Can You Build Up A Tolerance To Porn?

There’s a widespread belief that, if you watch enough porn, your brain will build up a tolerance to it, meaning that you will require more and more extreme stuff in order to become—and stay—sexually aroused. Unfortunately, there hasn’t really been any compelling research to either support or refute this idea; however, a new study published in the journal Sexual Medicine suggests that the notion of porn causing a tolerance effect is probably a myth.

In this study, researchers surveyed 2,035 people from Croatia who reported being consumers of “sexually explicit media” (the scientific term for porn) in the last year. Participants ranged in age from 18-60, most (58%) were women, most (58%) were college educated, and about half (48%) were in a relationship.

Participants were asked how arousing they found 27 different pornography themes to be, ranging from mainstream genres like “amateur” and “vaginal sex” to non-mainstream themes like “fetish” and “bizarre or extreme.”

It turned out that the participants who reported being aroused by non-mainstream porn tended to be more aroused by all categories of porn (a finding that was especially true for men and for non-heterosexual women). In other words, those who were aroused by non-mainstream porn were also still aroused by mainstream porn. This pattern isn’t consistent with the idea of porn causing a “tolerance” or “satiation” effect.

It’s also worth noting that those who were aroused by non-mainstream porn didn’t report being any less sexually satisfied, nor did they evaluate their sexual interests as less healthy. So it didn’t seem to be the case that people who were aroused by kinkier stuff engaged in self-stigmatization.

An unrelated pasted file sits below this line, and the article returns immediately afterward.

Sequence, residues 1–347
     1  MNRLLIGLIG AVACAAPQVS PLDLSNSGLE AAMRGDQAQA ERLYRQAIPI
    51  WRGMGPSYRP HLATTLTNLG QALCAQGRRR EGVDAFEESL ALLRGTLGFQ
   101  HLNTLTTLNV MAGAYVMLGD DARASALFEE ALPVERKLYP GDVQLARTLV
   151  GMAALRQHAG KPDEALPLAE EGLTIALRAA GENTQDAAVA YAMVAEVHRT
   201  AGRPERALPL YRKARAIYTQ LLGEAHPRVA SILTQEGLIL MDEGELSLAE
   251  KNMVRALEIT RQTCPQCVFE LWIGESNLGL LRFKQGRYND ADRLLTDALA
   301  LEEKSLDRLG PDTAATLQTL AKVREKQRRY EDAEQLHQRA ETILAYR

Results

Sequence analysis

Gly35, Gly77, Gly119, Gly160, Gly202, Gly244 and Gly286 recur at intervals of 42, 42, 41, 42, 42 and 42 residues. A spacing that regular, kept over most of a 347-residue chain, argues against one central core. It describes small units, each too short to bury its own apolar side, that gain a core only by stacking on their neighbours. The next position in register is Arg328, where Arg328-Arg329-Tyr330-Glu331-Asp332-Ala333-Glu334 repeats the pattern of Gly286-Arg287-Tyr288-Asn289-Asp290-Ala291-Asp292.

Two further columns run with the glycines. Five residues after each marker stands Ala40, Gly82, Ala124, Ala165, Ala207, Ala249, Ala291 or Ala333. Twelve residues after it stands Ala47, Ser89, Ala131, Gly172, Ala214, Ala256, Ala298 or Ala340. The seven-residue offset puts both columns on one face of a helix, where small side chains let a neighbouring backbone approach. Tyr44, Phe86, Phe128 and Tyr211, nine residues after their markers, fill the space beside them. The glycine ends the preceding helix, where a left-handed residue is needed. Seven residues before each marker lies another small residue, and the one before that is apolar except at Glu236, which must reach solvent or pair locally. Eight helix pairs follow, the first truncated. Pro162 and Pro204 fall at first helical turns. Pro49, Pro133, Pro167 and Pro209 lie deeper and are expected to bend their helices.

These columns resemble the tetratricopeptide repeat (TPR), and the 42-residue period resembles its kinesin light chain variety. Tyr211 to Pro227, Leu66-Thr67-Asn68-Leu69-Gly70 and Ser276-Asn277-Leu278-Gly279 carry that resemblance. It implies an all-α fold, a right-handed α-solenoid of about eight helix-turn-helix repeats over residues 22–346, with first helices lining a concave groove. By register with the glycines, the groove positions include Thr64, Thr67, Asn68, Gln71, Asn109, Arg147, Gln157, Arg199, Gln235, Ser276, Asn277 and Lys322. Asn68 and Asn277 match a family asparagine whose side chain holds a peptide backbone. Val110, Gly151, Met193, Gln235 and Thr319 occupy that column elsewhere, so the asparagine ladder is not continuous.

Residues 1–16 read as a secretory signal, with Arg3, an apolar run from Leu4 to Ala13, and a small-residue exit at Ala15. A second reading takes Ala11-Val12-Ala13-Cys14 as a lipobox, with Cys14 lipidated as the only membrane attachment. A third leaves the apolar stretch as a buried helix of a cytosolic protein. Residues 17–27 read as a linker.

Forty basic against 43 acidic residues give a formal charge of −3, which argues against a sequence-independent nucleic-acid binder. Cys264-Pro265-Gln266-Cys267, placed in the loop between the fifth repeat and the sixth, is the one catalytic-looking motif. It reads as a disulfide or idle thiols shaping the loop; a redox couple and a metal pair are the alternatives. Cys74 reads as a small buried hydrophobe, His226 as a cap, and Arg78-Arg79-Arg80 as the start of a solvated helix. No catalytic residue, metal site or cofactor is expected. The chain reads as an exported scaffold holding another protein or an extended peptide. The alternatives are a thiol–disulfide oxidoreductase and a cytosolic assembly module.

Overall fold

In short, what these results suggest is that, at least at the overall group level, there isn’t evidence for the idea of people building up a tolerance to porn that requires them to watch more and more extreme stuff. While there have been some clinical cases of patients who say that they can only become aroused by extreme porn, it’s likely that what we’re seeing there is the exception rather than the rule. Also, we can't rule out the possibility that those individuals might be different from the rest of the population in that perhaps they had more fixed and narrowly defined sexual interests to begin with.

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To learn more about this research, see: Hald, G. M., Stulhofer, A., & Lange, T. (2017). Sexual Arousal and Sexually Explicit Media (SEM): Comparing Patterns of Sexual Arousal to SEM and Sexual Self-Evaluations and Satisfaction Across Gender and Sexual Orientation. Sexual Medicine.

Image Source: iStockphoto

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